It’s a perverse and horrid piece of legislation that is anything but fair.
And if a cadre of experts are to be taken at their word, the Harper government’s proposed new elections act will deny many Canadians the right to vote.
In other words, the government is determined to eliminate the voting rights of some of the Canadians most likely to vote for someone other than the Conservatives, like young people.
The right to vote and fair elections are at the heart of democracy.
Maude Barlow, head of the Council of Canadians, has said that the act is an attack on the most fundamental right of all citizens in a democracy, “the right to cast a ballot in an election that is fair and free from corruption and dirty tricks.”
The government’s (Un)Fair Elections Act is currently being rammed through Parliament by none other than Pierre Poilievre, the just-as-perversely named “minister of democratic reform.” It doesn’t have a single expert, commentator, champion, booster or friend outside of the government.
Not one. Even Preston Manning has raised serious concerns about the proposed law. He said instead of limiting the role of Elections Canada, the government ought to be expanding it giving the agency more power to boost voter turnout rather than measures that will suppress voting.
The head of Elections Canada, Marc Mayrand, has been openly and profoundly critical of the proposed legislation, going so far as to suggest to his staff that it was a vindictive act against the independent elections agency. Elections Canada has had to take the federal Conservatives to task several times for breaking the country’s election laws.
They view the bill, which would limit the agency’s role, as retaliation from a government that has at its core vengeance.
Just look at their record and how they deal with anyone in society who disagrees with their views or ideology. Charities, environmental organizations, unions, scientists, feminists.
One of the main complaints against the proposed law is that it will deny tens of thousands of Canadians voting rights.
“I certainly can’t endorse a bill that disenfranchises electors,” said Mr. Mayrand, who called it “an affront to democracy.”
The new law proposes to eliminate vouching.
That’s a process where one voter can vouch for the identity of another on election day at polling stations.
It will also, some warn, prevent Elections Canada officials from reporting on the outcome of its investigation into fraudulent robocalls in the 2011 election campaign.
The pile of experts and other people — including international scholars — calling out the Harper government for its partisan elections bill (C-23) would fill a soccer stadium, including tens of thousands who have signed petitions opposing this latest attack on Canadian democracy.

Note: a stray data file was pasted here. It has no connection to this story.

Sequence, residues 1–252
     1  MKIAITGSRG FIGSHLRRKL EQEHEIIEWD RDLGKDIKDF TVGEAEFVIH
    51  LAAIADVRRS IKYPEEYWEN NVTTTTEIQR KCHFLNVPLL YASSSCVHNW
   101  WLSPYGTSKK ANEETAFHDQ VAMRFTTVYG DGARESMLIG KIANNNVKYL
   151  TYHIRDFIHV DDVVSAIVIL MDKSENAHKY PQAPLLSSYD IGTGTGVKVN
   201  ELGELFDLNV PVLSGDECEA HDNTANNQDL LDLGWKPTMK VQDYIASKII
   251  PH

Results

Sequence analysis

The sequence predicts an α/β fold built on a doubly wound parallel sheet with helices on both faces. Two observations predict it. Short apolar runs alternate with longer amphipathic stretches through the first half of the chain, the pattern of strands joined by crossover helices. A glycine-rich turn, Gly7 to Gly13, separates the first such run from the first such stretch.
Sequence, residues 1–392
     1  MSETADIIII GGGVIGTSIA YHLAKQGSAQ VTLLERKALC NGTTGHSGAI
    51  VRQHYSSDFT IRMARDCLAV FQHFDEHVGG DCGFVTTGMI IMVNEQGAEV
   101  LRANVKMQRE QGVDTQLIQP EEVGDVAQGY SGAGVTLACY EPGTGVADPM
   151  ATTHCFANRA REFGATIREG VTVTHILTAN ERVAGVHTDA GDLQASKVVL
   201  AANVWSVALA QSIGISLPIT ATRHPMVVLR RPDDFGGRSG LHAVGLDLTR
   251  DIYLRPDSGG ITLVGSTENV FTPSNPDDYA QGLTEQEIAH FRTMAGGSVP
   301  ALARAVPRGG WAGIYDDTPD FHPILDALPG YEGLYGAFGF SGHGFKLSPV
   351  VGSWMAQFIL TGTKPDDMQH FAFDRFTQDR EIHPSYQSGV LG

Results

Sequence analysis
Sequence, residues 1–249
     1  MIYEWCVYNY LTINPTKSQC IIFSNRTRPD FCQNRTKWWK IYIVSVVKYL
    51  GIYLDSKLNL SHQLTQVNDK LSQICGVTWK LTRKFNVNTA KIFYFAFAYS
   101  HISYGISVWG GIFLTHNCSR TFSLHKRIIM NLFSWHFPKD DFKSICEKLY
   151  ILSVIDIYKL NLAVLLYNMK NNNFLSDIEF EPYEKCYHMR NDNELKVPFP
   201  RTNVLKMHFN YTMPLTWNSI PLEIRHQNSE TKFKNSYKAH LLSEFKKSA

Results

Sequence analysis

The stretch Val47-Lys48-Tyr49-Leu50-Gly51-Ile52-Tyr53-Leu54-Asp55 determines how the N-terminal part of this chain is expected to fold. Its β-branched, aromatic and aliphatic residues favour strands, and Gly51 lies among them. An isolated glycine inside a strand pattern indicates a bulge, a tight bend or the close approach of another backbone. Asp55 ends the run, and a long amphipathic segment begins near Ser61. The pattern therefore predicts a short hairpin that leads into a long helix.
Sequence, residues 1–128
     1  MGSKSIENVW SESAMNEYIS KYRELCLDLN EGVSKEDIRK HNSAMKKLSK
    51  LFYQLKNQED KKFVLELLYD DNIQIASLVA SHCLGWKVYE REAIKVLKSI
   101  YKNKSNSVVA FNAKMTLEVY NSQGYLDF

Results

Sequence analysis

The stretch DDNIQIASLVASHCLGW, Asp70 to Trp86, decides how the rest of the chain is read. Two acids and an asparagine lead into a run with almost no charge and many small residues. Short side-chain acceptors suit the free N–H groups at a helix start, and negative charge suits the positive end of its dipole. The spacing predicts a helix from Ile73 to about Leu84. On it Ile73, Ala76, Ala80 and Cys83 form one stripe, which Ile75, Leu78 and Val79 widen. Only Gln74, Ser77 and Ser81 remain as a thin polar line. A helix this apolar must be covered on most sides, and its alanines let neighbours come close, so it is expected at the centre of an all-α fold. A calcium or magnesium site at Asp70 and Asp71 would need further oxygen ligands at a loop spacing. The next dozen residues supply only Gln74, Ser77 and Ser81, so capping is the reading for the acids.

Last week in an open letter, 19 scholars from universities around the world said that Canada’s global reputation as a “guardian of democracy and human rights” is threatened by the Harper government bill.
They wrote that the proposed act undermines the integrity of the Canadian electoral process, diminishes the effectiveness of Elections Canada, reduces voting rights, expands the role of money in politics and fosters partisan bias in election administration.
The Council of Canadians, the Canadian Federation of Students, Canadian academics, civil liberties organizations, Democracy Watch and a host of others have also been extremely critical of the proposed law.
The global scholars say they believe the proposed act will deeply damage Canada’s electoral integrity and, in turn, harm international standards of electoral rights.
This is pretty serious stuff.
And Canadians need to take notice, if they haven’t already.
This is about our fundamental right to vote — a right that people in our world are still dying to achieve.
Jessica McCormick, president of the Canadian Federation of Students, says the goal of the so-called fair elections act is to suppress the vote of many groups of citizens who likely also don’t vote Conservative, including students, indigenous people and low-income Canadians.
She was also critical of the government’s attempt to muzzle the chief electoral officer’s role to encourage voting.
The Council of Canadians, which has been active in highlighting “widespread election fraud” in the 2011 federal election, says the proposed law does nothing to address these abuses.
But of course to do so would mean the party running the government, which shamelessly breaks electoral laws, would have to admit to its past abuses rather than blame others for their bad behaviour.
There is nothing fair or good about this proposed law. It will deny many, many Canadians their voting rights.
It is an act that is full of spite by a government that has proven time and time again to be spiteful.
Lana Payne is the Atlantic director
for Unifor. She can be reached by email at email@example.com.
Her column returns April 5.